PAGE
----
To conflate a recent Martha Lane Fox quote with a famous Winston Churchill speech - never has a tool given so much to so many for so little effort. Of course, Lane Fox was referring to the internet.

World Wide Web week is on 13-19 April. With more than 82 per cent of the UK’s population now online - over 50 million people - and this number only set to grow, it’s a good opportunity to look at the ethical issues around it.

The promotional site for the week actually uses the terms ‘world wide web’ and ‘internet’ interchangeably. Although for users the difference may be immaterial, the growth of walled gardens of content not available freely on the web is actually one of those ethical issues. (The site also has two sets of dates for the week - mentioning 14-20 April further down its homepage - which is it folks?).

In the Guardian on March 24 Martha Lane Fox called for an institution to examine the ethical and moral issues posed by the internet. She mentions some of the issues as being ‘about privacy, about security, about drones.’ She then calls for ‘an institute granting a deeper understanding of the net. A neutral, trusted intermediary, founded here.’

As you would expect from the Chartered Institute for IT, these are issues we take seriously - and talk about. In February Robert Pepper, Vice-President, Global Technology Policy, Cisco gave the 2015 BCS and IET Turing Lecture, entitled ‘The Internet Paradox.’

He said, ‘We are at a significant tipping point with the next wave of the internet - the internet of everything upon us - touching people, process, data and things. The dynamic between policy and technology has never been more significant to shape the future of the internet.’ His lecture focused on where we have come from and where we should look to go next in the online world.

The Institute’s 2015 research on the concerns’ of digital leaders highlighted internet-related issues facing business. It showed that the top three priorities for business over the next year are information security, cloud computing and mobile computing (including BYOD issues). The medium term issues, of three to five years’, were similarly internet-related: information security, big data and cloud computing.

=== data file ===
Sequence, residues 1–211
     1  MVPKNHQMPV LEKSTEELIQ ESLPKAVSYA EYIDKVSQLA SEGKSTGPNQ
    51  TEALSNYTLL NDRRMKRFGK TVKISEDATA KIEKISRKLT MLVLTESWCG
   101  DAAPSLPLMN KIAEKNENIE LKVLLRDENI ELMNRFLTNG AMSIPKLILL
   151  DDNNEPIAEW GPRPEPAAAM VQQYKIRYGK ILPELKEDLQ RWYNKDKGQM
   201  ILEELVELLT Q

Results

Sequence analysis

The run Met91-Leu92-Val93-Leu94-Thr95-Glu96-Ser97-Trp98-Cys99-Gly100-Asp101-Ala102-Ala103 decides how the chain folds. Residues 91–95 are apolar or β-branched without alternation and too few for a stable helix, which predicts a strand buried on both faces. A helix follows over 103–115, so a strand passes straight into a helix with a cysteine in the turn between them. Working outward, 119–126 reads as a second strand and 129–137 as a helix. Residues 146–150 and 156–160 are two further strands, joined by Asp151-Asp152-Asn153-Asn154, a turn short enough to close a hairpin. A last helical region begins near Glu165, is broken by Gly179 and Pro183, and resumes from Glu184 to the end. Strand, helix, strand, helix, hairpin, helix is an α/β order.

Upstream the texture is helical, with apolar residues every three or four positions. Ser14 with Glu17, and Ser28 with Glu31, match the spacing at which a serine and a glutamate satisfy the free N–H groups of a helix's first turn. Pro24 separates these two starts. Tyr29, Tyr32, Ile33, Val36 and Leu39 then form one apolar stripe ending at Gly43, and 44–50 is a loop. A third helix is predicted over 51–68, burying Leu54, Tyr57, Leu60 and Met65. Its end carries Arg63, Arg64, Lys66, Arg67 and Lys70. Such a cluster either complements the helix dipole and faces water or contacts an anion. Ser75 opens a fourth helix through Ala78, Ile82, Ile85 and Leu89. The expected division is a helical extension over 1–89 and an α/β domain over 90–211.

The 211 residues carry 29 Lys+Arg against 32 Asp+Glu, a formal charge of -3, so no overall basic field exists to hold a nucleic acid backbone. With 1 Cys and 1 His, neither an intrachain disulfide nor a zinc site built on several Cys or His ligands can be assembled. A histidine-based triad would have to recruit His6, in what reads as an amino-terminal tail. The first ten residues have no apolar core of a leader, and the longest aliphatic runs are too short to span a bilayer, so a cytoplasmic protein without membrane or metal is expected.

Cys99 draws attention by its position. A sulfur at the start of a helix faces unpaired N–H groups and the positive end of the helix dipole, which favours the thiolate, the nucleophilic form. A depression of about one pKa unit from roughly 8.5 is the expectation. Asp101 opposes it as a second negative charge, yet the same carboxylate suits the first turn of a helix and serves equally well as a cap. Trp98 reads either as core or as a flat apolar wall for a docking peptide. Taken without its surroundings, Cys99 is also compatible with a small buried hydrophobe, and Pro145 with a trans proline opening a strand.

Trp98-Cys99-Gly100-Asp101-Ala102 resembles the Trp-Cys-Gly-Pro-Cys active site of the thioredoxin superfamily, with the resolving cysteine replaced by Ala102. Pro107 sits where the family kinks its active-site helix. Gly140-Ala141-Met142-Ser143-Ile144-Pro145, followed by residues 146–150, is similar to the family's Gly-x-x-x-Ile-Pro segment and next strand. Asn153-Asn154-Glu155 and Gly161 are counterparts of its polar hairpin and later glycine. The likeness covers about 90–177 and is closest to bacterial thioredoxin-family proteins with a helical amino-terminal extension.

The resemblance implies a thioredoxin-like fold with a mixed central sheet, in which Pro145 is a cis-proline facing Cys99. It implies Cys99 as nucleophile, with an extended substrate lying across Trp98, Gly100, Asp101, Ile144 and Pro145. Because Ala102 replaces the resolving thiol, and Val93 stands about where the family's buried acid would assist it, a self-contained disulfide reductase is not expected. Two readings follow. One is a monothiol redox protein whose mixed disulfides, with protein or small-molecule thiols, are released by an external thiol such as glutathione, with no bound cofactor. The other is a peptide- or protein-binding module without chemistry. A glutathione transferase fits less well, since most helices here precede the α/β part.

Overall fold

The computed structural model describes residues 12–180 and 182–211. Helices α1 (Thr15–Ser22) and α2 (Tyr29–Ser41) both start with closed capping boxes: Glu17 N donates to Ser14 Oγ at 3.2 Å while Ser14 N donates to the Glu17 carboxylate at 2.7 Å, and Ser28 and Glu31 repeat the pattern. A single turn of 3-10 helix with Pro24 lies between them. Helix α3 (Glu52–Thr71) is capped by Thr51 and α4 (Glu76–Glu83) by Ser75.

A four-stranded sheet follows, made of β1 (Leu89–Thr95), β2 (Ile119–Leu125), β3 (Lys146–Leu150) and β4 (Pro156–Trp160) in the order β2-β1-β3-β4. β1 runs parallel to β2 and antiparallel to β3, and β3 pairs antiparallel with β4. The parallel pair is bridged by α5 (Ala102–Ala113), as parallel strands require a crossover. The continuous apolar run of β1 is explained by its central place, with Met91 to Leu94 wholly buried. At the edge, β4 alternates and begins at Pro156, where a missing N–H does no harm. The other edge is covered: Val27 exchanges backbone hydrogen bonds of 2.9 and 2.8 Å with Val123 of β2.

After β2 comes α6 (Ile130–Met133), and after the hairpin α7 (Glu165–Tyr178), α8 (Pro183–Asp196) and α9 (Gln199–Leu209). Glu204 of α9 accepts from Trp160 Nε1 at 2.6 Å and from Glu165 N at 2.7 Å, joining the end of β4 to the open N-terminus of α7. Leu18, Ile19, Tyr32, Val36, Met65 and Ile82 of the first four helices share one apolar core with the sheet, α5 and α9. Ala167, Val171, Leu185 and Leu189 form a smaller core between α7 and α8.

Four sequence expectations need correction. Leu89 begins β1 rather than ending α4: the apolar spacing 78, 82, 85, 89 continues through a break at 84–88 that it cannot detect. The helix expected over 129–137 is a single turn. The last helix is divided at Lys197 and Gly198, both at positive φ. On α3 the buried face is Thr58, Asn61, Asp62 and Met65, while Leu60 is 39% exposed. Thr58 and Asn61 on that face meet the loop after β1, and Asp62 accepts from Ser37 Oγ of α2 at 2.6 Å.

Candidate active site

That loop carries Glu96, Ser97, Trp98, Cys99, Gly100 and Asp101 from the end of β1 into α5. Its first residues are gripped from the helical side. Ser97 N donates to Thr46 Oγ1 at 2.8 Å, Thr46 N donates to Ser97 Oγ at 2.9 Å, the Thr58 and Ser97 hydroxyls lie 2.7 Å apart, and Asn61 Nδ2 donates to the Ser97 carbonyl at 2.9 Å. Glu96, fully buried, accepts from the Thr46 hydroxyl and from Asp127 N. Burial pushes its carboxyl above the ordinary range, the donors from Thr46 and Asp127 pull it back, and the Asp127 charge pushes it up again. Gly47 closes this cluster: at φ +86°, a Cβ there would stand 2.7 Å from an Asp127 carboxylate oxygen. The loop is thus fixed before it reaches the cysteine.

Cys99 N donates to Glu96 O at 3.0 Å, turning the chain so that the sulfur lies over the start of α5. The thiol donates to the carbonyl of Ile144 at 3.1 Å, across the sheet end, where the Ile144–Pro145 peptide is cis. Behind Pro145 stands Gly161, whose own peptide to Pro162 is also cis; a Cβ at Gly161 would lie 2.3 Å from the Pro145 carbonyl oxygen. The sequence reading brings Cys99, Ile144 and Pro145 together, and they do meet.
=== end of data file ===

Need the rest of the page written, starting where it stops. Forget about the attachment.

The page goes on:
Whilst these concerns are all inextricably linked to the tech of the web/internet, the skills of those operating systems are vital too. The BCS survey showed that a miniscule eight per cent thought they had enough resources (budgetary and skills-wise) to address their concerns.

During a recent BCS cyber-security awareness week the Institute drew attention to the fact that businesses need to adopt a common sense approach to their cyber security - from protecting networks, data protection and implementing device security to creating policies around email, web and social media use by employees. Everyone in the organisation needs to understand the policies, principles and their individual responsibility.

That is why BCS has qualifications, certifications and a vibrant and expert volunteer community.

As Martha Lane Fox said in her Dimbleby lecture: ‘The values of the internet have always been a dialogue between private companies and public bodies and right now the civic, public, non-commercial side of that equation needs a boost. It needs more weight.’

That is where BCS comes in.

Further reading

World Wide Web week

Transcript of Martha Lane Fox’s Dimbleby Lecture

About the author

Paul Fletcher is the Group Chief Executive Officer of BCS, The Chartered Institute for IT. Paul joined BCS in 2014 after ten years at RM Education where he was Group Managing Director of the Education Technology Division. Prior to RM, Paul held senior management consultancy roles with A.T. Kearney and KPMG. He started his career in the Aerospace Industry. Paul is passionate about the role of IT in education and society as a whole.